Technology Abuse: It’s Still About Power & Control

Technology Abuse: It’s Still About Power & Control
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While anonymously perpetrated online abuse is common and frequently in the news, the reality is that in many cases, the perpetrator is someone the victim knows, and often, the harassment is a tactic of ongoing abuse. These perpetrators often pose serious dangers to victims in “real” life, a fact that is often minimized by a more prevalent stranger-danger media narrative. In an Office for Victims of Violence (OVC) survey, “A Glimpse from the Field,” conducted by the Safety Net Project at the National Network to End Domestic Violence (NNEDV), 97 percent of victim service providers surveyed say they work with survivors who were abused, harassed, or stalked by their abusers through the use of technology.

Technology is a tool that abusers use to facilitate harassment, control, and abuse. In the context of domestic violence and sexual assault, online harassment and crimes are part of a larger system of abuse.  The abuser or rapist want power and control over the victim (either through physical control, fear, or isolation) and to force her or him into doing what the perpetrator wants. Through technology, perpetrators monitor survivors’ activities, control what the survivor can or can’t do, or harass the survivor regularly and in a variety of ways.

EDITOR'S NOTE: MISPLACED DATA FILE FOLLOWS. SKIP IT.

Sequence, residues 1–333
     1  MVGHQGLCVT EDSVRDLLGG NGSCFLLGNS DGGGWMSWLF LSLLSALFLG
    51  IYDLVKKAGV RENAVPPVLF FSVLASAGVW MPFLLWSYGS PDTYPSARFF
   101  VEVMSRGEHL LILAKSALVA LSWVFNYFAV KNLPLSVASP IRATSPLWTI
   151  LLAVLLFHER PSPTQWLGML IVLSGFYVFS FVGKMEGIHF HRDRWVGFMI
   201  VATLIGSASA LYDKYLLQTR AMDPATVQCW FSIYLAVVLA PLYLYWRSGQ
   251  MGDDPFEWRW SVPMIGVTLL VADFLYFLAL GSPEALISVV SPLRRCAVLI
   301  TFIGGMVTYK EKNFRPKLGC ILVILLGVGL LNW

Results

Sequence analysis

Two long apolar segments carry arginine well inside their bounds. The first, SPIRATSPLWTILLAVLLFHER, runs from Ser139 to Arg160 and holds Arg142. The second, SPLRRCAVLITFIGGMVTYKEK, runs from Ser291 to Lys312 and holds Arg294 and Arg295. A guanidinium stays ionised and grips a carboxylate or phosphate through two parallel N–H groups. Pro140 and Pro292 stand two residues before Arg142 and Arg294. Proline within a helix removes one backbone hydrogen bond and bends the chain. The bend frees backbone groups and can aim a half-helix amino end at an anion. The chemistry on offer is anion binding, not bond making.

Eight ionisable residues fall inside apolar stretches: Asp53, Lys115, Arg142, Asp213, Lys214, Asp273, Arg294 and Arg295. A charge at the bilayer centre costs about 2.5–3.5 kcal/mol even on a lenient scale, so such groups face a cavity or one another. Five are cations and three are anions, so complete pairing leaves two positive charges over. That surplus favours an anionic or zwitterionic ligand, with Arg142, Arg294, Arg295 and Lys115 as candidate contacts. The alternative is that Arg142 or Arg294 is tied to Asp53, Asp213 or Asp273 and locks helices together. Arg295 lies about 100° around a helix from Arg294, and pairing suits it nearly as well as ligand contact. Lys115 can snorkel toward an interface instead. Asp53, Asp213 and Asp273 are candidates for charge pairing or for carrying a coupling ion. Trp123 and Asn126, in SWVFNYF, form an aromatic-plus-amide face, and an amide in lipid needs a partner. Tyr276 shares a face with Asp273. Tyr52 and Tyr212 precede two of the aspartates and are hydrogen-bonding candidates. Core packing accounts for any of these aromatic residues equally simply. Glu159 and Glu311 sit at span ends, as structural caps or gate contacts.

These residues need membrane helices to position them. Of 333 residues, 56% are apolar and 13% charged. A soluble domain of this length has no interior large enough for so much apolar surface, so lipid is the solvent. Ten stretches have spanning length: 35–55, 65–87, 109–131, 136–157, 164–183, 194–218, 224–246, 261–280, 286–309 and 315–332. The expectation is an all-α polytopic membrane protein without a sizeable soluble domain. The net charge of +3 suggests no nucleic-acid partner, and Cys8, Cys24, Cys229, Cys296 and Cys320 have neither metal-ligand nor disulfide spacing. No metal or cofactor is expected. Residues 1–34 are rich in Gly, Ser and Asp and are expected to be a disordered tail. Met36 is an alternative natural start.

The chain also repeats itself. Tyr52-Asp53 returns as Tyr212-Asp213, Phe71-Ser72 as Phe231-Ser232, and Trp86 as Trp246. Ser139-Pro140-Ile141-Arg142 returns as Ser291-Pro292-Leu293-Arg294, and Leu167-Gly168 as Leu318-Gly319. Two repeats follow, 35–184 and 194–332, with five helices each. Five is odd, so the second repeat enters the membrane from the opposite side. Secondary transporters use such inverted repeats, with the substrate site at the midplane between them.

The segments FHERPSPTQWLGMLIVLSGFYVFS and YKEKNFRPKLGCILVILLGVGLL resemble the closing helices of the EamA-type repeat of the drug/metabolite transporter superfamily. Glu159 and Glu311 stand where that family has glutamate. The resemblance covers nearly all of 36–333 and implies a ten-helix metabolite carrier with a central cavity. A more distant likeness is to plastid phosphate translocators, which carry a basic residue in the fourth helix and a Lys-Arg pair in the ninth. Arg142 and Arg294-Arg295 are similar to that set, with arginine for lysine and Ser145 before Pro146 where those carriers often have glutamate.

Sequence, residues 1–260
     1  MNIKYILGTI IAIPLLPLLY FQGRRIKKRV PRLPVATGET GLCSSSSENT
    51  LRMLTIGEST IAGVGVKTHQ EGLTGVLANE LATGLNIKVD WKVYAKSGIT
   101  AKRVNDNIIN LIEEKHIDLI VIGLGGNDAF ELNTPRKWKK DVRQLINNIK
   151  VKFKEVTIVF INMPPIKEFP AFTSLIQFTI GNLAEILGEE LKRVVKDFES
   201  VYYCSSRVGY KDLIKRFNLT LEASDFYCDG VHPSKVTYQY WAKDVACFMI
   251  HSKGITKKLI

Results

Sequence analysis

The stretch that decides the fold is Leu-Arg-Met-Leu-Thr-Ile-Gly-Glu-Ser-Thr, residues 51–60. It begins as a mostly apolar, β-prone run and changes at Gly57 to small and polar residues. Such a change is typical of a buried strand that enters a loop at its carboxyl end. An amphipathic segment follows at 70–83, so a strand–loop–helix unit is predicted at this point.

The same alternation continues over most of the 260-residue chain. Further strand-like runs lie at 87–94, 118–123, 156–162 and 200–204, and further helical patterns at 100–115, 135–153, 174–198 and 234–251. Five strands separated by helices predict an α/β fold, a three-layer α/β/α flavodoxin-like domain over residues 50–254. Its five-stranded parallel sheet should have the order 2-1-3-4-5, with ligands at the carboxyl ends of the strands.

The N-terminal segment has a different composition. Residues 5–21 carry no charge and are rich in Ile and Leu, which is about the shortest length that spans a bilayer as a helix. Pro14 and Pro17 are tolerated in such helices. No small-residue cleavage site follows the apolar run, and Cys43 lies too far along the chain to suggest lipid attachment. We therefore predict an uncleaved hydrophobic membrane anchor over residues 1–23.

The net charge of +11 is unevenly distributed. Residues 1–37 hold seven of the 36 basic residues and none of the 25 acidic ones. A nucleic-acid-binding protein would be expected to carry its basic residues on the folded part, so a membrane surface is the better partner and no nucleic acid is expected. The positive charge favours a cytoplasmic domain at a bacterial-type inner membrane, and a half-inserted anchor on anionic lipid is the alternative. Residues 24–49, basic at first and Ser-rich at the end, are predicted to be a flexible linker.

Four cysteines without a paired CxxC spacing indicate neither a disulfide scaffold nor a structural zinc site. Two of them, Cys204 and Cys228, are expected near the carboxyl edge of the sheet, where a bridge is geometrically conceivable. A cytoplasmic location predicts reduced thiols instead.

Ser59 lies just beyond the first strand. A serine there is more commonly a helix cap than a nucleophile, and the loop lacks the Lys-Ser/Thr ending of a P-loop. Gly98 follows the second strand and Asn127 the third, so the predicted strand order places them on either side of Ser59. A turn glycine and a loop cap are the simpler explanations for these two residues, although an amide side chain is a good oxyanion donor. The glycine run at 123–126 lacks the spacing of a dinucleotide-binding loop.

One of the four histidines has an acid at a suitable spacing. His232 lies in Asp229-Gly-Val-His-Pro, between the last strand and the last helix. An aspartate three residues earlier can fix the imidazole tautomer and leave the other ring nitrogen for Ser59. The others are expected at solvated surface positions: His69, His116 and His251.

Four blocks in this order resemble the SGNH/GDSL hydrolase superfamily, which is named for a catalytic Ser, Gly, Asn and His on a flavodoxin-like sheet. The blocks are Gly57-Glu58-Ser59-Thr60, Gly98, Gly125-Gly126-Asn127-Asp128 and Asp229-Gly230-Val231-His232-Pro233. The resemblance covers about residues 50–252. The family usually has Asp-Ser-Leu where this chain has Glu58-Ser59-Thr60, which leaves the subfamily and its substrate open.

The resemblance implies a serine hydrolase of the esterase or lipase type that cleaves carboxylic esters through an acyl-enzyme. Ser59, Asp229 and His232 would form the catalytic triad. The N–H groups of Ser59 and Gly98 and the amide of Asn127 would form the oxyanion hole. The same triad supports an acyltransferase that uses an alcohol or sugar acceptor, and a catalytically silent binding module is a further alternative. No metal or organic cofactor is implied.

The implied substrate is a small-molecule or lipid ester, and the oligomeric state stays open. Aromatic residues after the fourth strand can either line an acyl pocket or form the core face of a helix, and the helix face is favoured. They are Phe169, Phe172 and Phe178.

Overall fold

Technology, a Tool for Abusers

Abusers harass and control victims in four main ways:

(1) Disrupting the victim’s use of technology, such as hacking into a victim’s online account and locking them out of it or forbidding them from using their technology devices.

(2) Impersonating the survivor, in which the abuser creates accounts on porn or dating sites or even on mainstream social media, pretending to be the survivor in order to harass the victim or her/his friends and family.

(3) Sending harassing messages repeatedly through texts, messaging applications, or email.

(4) Monitoring and tracking a victim through various devices or spying tools, such as monitoring computer or cell phone software, hidden cameras, GPS, etc.

Abusers will also target friends and family, including, often, their own children. In the survey, 66 percent of programs reported that abusers monitor children’s social networks or other accounts, and 60 percent of programs reported that abusers have spied on the survivor through the children’s technology. Even if survivors ensure that their social media and other accounts are secure and their privacy settings are high, abusers can still sometimes gain information through others to stalk and harass.

Holding Abusers Accountable

Many abusers think they can get away with their abuse because the technology allows them to be anonymous or that there are no laws preventing them from doing what they are doing. In some cases, it is true that laws are too narrowly written to apply to abusers’ specific misuse of technology. Laws need to be created or expanded and penalties need to be increased. However, in the majority of cases, existing laws, such as computer crimes, eavesdropping, and privacy, are sufficient to hold abusers accountable. However, they are often not applied thoroughly and consistently. Law enforcement and prosecutors need to understand how a particular technology is being misused and know which laws are being broken in the context of new media and tech.